Although when you get down to it I must admit things can be a bit more complicated than this. Such as technology which I am generally in favour of can sometimes go wrong and cultural practices which we thought were vanishing can come back to benefit society such as allotments.

    So, with fish and chip shops we can use these ideas to draw some conclusions as to whether they offer a valuable contribution to our great City of Culture or not. OK so let’s weigh it up.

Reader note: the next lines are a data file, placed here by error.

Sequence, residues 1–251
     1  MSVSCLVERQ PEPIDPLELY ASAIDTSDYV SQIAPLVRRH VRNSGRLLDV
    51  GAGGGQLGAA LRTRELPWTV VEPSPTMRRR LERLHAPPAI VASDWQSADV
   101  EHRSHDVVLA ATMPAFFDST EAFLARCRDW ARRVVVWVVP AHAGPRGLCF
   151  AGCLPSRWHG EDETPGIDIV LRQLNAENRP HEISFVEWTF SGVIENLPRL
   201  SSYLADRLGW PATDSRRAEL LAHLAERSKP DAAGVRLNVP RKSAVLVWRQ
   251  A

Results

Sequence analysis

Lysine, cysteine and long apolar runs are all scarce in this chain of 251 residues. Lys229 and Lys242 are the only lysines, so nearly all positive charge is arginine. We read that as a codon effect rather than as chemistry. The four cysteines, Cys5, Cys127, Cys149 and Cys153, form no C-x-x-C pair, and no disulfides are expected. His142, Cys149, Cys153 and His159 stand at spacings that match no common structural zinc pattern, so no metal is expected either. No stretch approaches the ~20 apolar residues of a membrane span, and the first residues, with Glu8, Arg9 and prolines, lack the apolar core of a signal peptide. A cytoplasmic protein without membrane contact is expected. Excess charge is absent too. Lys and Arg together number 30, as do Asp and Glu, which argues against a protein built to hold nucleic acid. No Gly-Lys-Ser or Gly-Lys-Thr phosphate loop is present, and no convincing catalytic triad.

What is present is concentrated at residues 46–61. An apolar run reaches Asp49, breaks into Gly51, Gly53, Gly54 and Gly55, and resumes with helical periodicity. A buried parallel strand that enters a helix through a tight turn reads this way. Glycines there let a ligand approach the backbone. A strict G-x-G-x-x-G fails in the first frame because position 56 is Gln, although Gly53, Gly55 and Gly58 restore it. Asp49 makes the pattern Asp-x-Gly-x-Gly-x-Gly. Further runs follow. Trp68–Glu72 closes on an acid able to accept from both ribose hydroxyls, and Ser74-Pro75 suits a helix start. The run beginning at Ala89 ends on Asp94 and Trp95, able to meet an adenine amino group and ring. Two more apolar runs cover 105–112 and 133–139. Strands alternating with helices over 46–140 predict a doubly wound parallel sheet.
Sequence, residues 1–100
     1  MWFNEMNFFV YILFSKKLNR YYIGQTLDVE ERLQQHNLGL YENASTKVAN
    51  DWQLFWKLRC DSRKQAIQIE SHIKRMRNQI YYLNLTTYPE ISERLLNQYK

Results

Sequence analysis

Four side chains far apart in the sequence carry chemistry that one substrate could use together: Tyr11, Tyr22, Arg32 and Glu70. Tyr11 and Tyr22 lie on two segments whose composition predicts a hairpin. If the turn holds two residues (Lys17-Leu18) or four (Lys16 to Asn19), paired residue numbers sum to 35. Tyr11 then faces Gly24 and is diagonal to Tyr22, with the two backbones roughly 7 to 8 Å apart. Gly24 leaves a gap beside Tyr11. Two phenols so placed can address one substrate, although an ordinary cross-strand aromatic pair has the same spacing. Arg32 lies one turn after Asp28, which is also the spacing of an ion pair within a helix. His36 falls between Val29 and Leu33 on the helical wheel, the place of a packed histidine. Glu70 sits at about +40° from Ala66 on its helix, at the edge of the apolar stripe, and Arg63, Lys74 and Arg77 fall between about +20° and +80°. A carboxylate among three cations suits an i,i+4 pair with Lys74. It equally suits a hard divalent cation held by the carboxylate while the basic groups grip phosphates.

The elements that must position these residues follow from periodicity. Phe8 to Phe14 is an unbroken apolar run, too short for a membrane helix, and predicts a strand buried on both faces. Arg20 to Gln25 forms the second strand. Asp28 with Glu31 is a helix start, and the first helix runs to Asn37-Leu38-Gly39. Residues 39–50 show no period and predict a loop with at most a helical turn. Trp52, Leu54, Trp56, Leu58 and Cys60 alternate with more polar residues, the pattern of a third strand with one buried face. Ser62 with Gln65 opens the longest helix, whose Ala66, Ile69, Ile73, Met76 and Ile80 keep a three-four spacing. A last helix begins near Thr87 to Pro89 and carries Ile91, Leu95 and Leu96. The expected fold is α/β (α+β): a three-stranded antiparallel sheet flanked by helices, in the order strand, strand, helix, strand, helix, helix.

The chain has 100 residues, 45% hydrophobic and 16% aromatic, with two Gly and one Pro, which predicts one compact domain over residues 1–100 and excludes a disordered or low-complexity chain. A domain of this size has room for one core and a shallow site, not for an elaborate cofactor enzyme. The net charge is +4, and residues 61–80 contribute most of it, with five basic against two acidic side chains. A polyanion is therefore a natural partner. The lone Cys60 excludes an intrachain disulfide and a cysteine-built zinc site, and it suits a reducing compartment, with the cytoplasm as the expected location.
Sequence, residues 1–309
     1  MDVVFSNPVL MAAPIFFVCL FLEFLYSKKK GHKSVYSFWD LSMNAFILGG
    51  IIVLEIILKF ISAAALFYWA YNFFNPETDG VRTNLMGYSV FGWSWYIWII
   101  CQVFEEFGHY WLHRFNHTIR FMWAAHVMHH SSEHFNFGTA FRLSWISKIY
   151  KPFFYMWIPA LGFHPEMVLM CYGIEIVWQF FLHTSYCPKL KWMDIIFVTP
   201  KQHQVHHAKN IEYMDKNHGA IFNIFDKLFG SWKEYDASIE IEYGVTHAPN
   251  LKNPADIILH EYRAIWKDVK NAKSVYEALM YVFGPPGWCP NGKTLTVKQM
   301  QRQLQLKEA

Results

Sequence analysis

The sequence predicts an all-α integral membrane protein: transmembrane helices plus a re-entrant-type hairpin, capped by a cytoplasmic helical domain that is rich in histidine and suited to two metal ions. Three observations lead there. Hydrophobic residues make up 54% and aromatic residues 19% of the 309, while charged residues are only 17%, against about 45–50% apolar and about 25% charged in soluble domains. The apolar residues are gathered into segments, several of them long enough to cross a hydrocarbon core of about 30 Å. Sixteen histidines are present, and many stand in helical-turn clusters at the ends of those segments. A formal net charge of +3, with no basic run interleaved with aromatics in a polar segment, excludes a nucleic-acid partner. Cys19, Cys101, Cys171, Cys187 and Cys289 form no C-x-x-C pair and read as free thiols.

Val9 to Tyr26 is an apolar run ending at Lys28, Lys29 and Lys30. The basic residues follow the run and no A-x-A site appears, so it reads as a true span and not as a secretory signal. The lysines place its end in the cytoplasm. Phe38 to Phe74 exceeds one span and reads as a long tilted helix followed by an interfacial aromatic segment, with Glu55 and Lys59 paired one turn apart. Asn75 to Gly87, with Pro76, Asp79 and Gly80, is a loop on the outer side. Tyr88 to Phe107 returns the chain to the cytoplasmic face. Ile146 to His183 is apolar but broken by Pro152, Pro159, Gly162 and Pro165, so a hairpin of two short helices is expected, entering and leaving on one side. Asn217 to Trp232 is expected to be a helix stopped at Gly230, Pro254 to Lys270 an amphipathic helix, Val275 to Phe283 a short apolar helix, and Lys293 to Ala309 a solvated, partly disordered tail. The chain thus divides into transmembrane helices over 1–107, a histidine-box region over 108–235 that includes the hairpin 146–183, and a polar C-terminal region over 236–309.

Positives: well in many ways fish and chip shops represent all the good things we progressives are in favour of. They are local institutions which reflect the area’s identity and help to bring the community together in the queue. These local outlets have often been a starter business for immigrant communities allowing them to integrate into our society in a spirit of enterprise so necessary for urban renewal. Unless they use beef dripping the food offer is very acceptable in principal to a multi-cultural society. The fact that these businesses have often been passed on inter-generationally mean they can be seen now as a valuable local heritage resource. In fact, in my community one is a listed building.